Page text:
Meta do not safeguard children: Whistleblower

A whistleblower, Arturo Béjar, a former senior engineer and consultant at Meta (formerly Facebook), has criticized the company, stating that it has not done enough to safeguard children following the death of Molly Russell. Molly, a 14-year-old girl, took her own life in 2017 after viewing harmful content related to suicide, self-harm, depression, and anxiety on Instagram and Pinterest.

Béjar claims that Meta, the parent company of Instagram, has the infrastructure in place to protect teenagers from harmful content but has chosen not to implement necessary changes. According to Béjar’s research on Instagram users, 8.4% of 13- to 15-year-olds had seen someone harm themselves or threaten to harm themselves in the past week.

He argues that if Meta had learned from Molly Russell’s death, it would have created a safer experience for young users, especially those in the 13-15 age group. Béjar suggests that the company could use existing tools and infrastructure to make self-harm content impossible to find on the platform.

Béjar’s research and attempts to address these issues at Meta are featured in a lawsuit brought against the company by Raúl Torrez, the New Mexico attorney general. The lawsuit alleges that Meta fails to protect children from sexual abuse, predatory approaches, and human trafficking. Unredacted documents from the lawsuit reveal that Meta employees warned the company was “defending the status quo” after Molly’s death, a stance considered unacceptable by the wider public.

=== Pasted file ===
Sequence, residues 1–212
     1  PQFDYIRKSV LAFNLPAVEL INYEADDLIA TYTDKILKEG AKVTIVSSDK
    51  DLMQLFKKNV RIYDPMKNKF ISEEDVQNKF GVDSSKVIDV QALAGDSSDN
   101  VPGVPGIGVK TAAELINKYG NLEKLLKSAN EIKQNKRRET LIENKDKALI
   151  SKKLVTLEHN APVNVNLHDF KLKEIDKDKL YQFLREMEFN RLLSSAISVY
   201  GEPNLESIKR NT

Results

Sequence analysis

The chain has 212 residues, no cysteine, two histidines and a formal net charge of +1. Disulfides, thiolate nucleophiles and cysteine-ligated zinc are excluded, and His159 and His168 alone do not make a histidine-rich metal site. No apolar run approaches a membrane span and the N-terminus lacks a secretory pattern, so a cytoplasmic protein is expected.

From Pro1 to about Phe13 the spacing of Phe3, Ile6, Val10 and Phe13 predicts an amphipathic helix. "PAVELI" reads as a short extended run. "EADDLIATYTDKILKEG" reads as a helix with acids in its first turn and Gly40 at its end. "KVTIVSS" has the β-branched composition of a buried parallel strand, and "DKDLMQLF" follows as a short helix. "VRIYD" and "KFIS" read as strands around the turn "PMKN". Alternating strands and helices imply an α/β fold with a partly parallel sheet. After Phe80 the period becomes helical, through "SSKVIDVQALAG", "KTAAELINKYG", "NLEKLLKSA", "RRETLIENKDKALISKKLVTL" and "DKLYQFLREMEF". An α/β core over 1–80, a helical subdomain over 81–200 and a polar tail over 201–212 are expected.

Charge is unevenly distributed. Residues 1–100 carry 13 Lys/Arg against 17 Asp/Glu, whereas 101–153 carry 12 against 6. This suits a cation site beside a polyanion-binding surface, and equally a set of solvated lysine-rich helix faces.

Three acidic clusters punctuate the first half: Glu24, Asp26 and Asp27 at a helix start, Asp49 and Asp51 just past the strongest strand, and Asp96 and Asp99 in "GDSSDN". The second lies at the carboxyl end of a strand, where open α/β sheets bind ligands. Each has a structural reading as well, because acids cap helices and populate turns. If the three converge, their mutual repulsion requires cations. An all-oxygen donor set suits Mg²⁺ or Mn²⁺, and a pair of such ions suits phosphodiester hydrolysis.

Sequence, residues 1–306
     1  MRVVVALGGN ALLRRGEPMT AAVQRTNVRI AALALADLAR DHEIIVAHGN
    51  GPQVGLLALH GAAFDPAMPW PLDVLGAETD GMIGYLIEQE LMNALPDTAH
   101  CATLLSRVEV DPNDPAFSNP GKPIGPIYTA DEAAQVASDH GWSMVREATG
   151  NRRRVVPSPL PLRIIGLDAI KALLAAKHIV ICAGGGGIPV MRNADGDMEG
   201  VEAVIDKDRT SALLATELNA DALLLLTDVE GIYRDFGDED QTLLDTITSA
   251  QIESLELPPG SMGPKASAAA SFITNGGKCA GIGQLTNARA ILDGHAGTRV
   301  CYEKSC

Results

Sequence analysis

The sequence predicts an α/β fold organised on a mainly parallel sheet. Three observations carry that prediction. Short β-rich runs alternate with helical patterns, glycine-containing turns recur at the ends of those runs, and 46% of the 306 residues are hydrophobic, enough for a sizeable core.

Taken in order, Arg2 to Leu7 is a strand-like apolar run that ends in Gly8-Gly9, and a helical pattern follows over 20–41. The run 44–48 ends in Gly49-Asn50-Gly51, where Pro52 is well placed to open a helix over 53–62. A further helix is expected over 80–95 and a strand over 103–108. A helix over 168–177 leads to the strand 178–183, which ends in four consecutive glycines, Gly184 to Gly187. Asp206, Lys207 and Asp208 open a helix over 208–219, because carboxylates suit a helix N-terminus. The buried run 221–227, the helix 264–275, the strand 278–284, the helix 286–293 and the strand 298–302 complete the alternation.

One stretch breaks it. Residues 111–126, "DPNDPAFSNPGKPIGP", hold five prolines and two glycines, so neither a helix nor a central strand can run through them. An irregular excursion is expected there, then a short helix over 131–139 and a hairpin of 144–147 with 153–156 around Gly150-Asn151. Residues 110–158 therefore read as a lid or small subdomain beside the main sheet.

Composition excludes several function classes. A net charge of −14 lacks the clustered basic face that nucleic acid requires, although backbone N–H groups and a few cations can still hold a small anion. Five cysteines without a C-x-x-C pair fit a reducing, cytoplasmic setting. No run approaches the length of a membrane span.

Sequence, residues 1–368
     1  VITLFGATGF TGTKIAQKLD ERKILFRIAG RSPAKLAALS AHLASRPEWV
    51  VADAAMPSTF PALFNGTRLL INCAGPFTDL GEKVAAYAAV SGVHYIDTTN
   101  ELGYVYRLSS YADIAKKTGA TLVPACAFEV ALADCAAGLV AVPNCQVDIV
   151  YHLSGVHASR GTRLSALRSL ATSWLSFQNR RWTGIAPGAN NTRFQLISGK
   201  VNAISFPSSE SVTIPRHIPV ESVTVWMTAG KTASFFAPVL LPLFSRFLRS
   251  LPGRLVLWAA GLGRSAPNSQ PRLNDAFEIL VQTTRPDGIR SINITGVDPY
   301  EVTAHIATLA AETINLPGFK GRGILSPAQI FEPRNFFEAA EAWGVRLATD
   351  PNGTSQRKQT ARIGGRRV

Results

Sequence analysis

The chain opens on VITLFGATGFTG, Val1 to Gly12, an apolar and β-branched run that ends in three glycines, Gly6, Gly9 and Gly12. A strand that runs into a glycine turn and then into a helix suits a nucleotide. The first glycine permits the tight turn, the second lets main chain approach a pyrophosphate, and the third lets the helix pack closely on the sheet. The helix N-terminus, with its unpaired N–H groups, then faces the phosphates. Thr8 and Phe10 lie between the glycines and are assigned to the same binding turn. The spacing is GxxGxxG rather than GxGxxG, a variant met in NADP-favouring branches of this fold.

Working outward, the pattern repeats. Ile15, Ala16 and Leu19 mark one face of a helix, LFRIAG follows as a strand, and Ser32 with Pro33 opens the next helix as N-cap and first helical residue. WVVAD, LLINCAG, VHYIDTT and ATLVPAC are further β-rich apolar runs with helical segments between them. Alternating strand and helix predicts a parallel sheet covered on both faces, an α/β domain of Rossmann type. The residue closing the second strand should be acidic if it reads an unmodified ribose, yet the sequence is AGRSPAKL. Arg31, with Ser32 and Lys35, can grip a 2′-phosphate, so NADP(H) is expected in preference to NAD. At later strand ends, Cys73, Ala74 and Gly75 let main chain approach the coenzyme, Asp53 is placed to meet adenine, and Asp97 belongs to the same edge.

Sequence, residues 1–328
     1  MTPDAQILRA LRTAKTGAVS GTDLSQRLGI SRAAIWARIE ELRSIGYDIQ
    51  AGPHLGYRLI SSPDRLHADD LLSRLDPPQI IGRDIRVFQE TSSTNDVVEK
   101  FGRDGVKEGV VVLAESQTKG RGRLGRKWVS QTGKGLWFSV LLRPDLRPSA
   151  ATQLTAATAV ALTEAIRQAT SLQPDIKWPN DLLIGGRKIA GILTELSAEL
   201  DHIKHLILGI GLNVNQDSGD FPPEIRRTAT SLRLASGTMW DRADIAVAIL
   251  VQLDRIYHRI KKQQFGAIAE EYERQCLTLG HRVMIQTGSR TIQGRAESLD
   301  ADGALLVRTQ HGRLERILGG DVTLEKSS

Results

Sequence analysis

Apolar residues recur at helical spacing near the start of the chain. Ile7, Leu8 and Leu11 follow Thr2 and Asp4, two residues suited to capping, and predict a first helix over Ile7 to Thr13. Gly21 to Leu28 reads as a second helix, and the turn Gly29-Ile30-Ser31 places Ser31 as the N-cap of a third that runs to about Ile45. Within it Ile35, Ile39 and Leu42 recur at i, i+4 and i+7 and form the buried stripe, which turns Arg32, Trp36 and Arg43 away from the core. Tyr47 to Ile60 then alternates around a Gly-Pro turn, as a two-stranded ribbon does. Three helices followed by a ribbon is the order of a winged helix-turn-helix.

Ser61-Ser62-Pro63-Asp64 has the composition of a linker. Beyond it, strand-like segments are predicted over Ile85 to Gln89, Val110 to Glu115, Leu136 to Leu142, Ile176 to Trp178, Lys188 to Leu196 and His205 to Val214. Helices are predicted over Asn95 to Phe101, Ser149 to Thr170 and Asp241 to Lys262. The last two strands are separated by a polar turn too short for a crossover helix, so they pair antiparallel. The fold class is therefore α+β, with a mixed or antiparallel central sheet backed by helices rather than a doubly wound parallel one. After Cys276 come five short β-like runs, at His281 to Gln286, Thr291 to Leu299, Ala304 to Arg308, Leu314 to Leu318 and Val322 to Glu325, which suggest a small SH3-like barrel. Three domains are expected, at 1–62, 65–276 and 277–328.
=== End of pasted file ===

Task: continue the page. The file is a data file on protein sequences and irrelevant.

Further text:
Béjar, who served as an engineering director responsible for child safety tools, left Meta in 2015 but returned as a consultant in 2019. His research during this period indicated that children aged 13 to 15 on Instagram faced issues such as unwanted sexual advances, bullying, and exposure to self-harm content.

He is urging Meta to set goals to reduce harmful content and implement changes such as making it easier for users to report unwanted content and submit reports about their experiences. Béjar also recommends regular surveys of users’ experiences on Meta platforms.

Despite Meta’s safety initiatives, Béjar argues that harmful content, including self-harm material, continues to exist on the Instagram platform. He believes that Meta has the necessary machinery to crack down on such content but lacks the will and policy decision to create a truly safe environment for teenagers.

A Meta spokesperson responded, stating that the company is continuously working on keeping young people safe online and has introduced over 30 tools and resources to support teens and their families. However, Béjar insists that more needs to be done, including public reporting on the progress made in creating a safer environment for teenagers.

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